Research Report Insight #5
Like Existing home sales, inventory and weather proved a headwind for New home sales in February. New home sales for February were reported at 775,000 on a seasonally adjusted annual rate basis (SAAR). This is 18.2% below the revised January rate of 948,000, but is 8.2% above the February 2020 estimate of 716,000.Sales for the previous three months were revised up significantly. This was well below consensus expectations for February. Still, the last nine months saw the highest sales rates since 2006.
The inventory of completed homes for sale was at 40 thousand in February was just above the record low of 37 thousand in 2013 (when sales were much lower). That is about 0.6 months of completed supply. The inventory of new homes under construction, and not started, is about 4.2 months, close to normal. In terms of total home inventory…
Research Report Insight #6
Personal income dropped 7.1% in February, while spending fell 1.0%. These follow a revised 10.1% pop in January income after a 0.5% December gain. January spending was bumped up to a 3.4% rebound following the 0.6% December 2020 dip.
Big picture takeaway from the monthly PCE data is simple, the inflation that everyone fears is not showing up in the price or consumption data any more so than than to express the severe YoY depressed numbers from late February-March 2020. It’s just not there. The latest Headline PCE price index was up 0.23% month-over-month (MoM) and is up 1.55% year-over-year (YoY). Core PCE is now at 1.41%, below the Fed’s 2% target rate.
Research Report Insight #7
Just two weeks ago in our March 14th Research Report, here is what FY2021 estimates looked like:
“The latest, consensus analysts estimates for FY2021 EPS are as follows and nearly $6 per share higher than they were a mere 3 months ago:
The S&P 500 EPS estimate for Q1 2021 has increased by 5.7% since December 31, 2020. The latest consensus EPS estimates for the full year are slated below. We’ll also take a look at positive EPS guidance in just a minute, second… what’s smaller than a second?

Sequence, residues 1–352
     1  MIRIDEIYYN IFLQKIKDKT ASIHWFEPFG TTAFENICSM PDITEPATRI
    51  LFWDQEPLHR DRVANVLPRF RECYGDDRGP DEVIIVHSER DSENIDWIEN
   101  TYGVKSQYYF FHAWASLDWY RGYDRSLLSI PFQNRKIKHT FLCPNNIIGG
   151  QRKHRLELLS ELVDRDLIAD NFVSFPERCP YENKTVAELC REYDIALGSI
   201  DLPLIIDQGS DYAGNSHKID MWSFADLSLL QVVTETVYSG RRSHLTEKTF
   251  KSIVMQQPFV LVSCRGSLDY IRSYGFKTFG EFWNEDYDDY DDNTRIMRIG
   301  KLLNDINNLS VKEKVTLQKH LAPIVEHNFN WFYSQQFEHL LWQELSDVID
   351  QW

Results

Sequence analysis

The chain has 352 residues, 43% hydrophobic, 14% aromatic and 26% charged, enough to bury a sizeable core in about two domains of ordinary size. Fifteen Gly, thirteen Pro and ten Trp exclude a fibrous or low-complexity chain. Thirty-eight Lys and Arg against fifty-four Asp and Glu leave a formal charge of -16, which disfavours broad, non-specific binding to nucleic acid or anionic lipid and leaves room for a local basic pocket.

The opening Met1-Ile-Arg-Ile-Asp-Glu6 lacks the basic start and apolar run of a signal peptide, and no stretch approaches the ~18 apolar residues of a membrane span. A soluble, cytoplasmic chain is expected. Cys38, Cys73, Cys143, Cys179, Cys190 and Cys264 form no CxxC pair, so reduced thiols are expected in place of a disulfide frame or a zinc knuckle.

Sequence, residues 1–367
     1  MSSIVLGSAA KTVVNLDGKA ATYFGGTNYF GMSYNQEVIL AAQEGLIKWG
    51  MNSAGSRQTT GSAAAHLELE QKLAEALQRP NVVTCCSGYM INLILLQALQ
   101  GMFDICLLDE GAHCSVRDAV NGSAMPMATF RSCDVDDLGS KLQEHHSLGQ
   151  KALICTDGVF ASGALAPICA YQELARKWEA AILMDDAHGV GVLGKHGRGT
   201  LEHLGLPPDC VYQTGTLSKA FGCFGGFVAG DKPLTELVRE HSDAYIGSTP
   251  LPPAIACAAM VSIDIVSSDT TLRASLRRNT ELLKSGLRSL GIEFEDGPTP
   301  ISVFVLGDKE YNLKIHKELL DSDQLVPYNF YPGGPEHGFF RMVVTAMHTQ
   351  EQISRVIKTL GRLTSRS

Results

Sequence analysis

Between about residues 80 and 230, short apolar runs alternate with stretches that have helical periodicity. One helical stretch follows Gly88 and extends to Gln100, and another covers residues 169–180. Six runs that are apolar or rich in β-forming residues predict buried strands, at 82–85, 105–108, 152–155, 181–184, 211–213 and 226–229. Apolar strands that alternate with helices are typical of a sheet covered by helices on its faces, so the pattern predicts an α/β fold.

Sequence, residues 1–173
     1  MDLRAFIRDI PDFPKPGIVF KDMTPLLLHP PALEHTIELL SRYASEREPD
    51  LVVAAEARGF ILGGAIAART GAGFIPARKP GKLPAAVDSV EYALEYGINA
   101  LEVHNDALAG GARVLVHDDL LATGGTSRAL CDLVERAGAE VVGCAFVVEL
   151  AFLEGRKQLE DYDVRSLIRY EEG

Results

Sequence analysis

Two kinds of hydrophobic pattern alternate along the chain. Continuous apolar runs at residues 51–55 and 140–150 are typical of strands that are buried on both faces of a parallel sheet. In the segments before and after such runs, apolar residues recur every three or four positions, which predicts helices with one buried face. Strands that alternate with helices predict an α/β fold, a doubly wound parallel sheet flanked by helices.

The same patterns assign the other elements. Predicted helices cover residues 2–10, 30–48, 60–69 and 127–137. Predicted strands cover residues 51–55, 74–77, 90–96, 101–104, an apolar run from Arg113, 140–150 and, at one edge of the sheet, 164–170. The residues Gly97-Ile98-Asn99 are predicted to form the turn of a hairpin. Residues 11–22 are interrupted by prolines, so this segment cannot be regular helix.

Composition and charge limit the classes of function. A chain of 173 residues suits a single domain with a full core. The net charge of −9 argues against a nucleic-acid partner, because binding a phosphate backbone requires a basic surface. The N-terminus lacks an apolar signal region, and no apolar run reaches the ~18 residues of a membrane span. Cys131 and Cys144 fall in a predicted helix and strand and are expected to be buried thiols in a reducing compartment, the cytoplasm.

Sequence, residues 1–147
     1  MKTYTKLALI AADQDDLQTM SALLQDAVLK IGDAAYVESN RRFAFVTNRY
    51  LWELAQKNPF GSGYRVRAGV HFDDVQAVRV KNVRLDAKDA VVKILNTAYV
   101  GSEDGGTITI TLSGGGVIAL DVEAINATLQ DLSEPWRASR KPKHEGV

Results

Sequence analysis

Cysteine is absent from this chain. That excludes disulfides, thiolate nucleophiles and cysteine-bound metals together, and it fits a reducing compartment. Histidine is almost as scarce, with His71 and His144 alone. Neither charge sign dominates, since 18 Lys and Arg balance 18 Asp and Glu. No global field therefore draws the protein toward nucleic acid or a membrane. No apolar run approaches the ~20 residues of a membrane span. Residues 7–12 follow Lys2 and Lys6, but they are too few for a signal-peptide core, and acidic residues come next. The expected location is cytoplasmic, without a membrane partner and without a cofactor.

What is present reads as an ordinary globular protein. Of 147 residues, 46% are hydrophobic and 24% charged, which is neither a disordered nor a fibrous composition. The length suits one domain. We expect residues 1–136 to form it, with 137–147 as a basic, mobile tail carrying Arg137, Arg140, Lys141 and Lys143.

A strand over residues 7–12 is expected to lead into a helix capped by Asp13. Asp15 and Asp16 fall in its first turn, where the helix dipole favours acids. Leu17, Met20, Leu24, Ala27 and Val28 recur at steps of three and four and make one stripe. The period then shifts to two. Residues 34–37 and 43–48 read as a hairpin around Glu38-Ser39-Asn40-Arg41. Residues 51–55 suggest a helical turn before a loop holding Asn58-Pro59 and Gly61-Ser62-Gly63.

In just two short weeks, and with a few early Q1 2021 reports being delivered, the consensus FY2021 EPS has jumped $1.10 to $175.54 for the year.
Research Report Insight #8
Here is another example of having data that suggest a particular outcome. This comes to us from LPL Financial and a tweet from Ryan Detrick, the firms certified market technician (CMT). You can see at the bottom of the tweet and data where I’m interjecting also!
Ryan’s quantitative data shows the probability of negative Q1 returns after an election year, going all the way back to 1950. The question that I asked myself was, “Is this an all inclusive data set, does it really consider everything that happened in 2020’s S&P 500 price action, above and beyond just the fact that it was an election year.”
As we were ending 2020 and looking forward to 2021, we wanted to know what we could anticipate after an above average S&P 500 yearly return in 2020 occurred. The data below is what we disseminated to Finom Group members back in December of 2020: (please read the data before moving on)
While the January 2021 above average return was not delivered, the market has made up for it ever since. The S&P 500 is up almost 6% year-to-date. Based on the data above, it suggest that after an above average return in the previous year, the following Q1 period can be much stronger (on average 2.15% Q1 return) than average. So far, this Q1 is not just above average but well above average, and laying waste to the LPL Financial data. As I’ve said many a time before, it’s not whether or not you have data, it’s whether or not you have the right data and the appropriate analysis of the data. So unless something unnatural occurs this coming week…
Research Report Insight #9
Another example of the same principle is found in the following graphic from Larry Williams of StockCharts.com. We tend to see these correlation-type charts proliferating in social media and even sell-side analysts’ weekly reports and/or notes. Most of the time, if an analysts say it is, we believe it to be.
Ice cream sales are correlated to shark attacks? Now this is an extreme version of how to demonstrate that just because trends are alike, they are not necessarily correlated. Having said that, I hope in the future it forces you to look deeper, or interject as I did with the LPL Financial data previously mentioned. There’s usually more than meets the eye!